:confused1:  :confused1:  :confused1:  I'm not quite sure I follow! Wasn't that the whole point? That some of us (myself included) have stories that stem from real life? Also, I don't think you quite got my point, but that's ok. I am not trying to make it personal and I am getting a feeling it might be going that way so I will respectfully bow out  :)

 

Have a good night  :)


Edited by Canadian Mom of 2, 18 July 2017 - 01:47 AM.


#106 Storygirl

Storygirl

    Empress Bee

  • Members
  • PipPipPip
  • 2779 posts

Posted 18 July 2017 - 10:46 AM

Personally, I don't think of autism as mental illness. I do find it jarring when others refer to it in that way.

 

I'm chiming in, because of the comments about how autism may have more acceptance today, and because of the comment about the 70s.

 

In the seventies, my same-age neighbor had what I am sure now is autism. I don't know if his family called it autism, but when talking to my mom about it, I remember her saying that R was not mentally "retarded" (a word we used back then) but had "something else." So Mom didn't know to call it autism. I'm never heard R's parents talking about it, so perhaps they used the term "autism," but I wouldn't know. R didn't speak to us but would recite tv commercials and stim by clapping his fingers together near his face. He was always in special education, so was never in my classes.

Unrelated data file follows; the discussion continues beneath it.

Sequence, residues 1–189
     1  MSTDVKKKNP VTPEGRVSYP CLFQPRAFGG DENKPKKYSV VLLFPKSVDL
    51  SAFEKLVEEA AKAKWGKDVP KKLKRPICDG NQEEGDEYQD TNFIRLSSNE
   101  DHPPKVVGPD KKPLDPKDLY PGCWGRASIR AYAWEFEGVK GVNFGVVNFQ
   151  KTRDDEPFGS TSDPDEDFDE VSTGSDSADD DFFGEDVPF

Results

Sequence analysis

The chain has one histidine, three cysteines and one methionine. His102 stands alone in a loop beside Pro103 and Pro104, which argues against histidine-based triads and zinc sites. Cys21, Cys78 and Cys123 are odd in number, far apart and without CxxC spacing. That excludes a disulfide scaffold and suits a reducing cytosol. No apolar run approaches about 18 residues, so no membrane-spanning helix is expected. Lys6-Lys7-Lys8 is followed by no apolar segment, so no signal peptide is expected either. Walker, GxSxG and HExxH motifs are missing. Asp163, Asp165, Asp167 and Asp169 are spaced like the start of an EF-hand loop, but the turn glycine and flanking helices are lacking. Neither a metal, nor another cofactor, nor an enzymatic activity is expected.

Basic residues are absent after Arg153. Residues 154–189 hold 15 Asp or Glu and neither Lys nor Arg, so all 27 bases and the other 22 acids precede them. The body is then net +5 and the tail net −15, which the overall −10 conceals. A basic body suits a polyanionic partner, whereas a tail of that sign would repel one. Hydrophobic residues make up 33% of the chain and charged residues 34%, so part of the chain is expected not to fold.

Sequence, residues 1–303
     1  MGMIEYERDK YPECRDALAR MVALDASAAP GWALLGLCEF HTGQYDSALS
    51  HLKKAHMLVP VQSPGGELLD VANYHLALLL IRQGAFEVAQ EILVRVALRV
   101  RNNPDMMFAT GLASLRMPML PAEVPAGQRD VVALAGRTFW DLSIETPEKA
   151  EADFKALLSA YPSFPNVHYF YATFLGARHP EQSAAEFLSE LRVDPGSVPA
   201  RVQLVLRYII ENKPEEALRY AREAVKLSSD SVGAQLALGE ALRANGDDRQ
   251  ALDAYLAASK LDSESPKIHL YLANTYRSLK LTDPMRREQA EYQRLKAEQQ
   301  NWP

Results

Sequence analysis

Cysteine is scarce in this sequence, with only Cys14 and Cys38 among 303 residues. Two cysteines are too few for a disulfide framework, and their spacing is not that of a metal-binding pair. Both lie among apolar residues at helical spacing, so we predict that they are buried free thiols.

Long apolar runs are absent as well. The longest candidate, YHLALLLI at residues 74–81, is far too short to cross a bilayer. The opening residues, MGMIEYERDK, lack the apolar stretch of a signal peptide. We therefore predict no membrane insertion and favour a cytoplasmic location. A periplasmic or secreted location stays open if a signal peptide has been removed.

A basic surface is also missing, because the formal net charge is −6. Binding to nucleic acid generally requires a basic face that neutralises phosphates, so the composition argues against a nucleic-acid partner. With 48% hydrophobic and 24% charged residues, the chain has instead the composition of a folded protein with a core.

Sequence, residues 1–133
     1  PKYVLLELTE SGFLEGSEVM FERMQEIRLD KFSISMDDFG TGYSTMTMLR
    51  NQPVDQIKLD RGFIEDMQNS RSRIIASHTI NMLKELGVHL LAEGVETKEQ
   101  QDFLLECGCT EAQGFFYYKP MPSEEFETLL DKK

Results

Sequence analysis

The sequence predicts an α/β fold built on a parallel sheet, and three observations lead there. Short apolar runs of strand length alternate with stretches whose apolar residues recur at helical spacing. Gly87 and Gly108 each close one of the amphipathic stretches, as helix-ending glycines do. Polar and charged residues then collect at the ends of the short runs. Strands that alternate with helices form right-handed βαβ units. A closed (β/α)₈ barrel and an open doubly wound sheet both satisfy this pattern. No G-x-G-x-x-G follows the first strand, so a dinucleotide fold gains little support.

Anyway, the family had a double tragedy. The dad died of cancer in his early 40s, while the boys (R had an older brother) were young teens. And a year later, the mom died suddenly of a heart attack at age 40, leaving the boys orphaned. The extended family lived in another state, so they came and took the boys, but they only gave a home to the older, neurotypical one. They put R in some kind of institutionalized setting, perhaps a group home.

 

I've always remembered this as a great tragedy. I think our society has come a long way in recognizing that there are people with autism among us, and in offering better help to these families. I would hope that the same situation today would have a different outcome, that the aunt and uncle would have the support they needed to feel comfortable taking in their nephew. I don't think that people with intellectual disability or autism have nearly the rate of institutionalization that they faced forty or more years ago.